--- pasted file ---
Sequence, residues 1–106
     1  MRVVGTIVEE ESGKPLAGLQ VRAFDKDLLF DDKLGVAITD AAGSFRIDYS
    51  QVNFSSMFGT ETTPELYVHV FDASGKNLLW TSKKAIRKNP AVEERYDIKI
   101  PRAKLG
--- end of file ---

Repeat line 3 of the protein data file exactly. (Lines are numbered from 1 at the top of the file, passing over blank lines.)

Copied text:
    51  QVNFSSMFGT ETTPELYVHV FDASGKNLLW TSKKAIRKNP AVEERYDIKI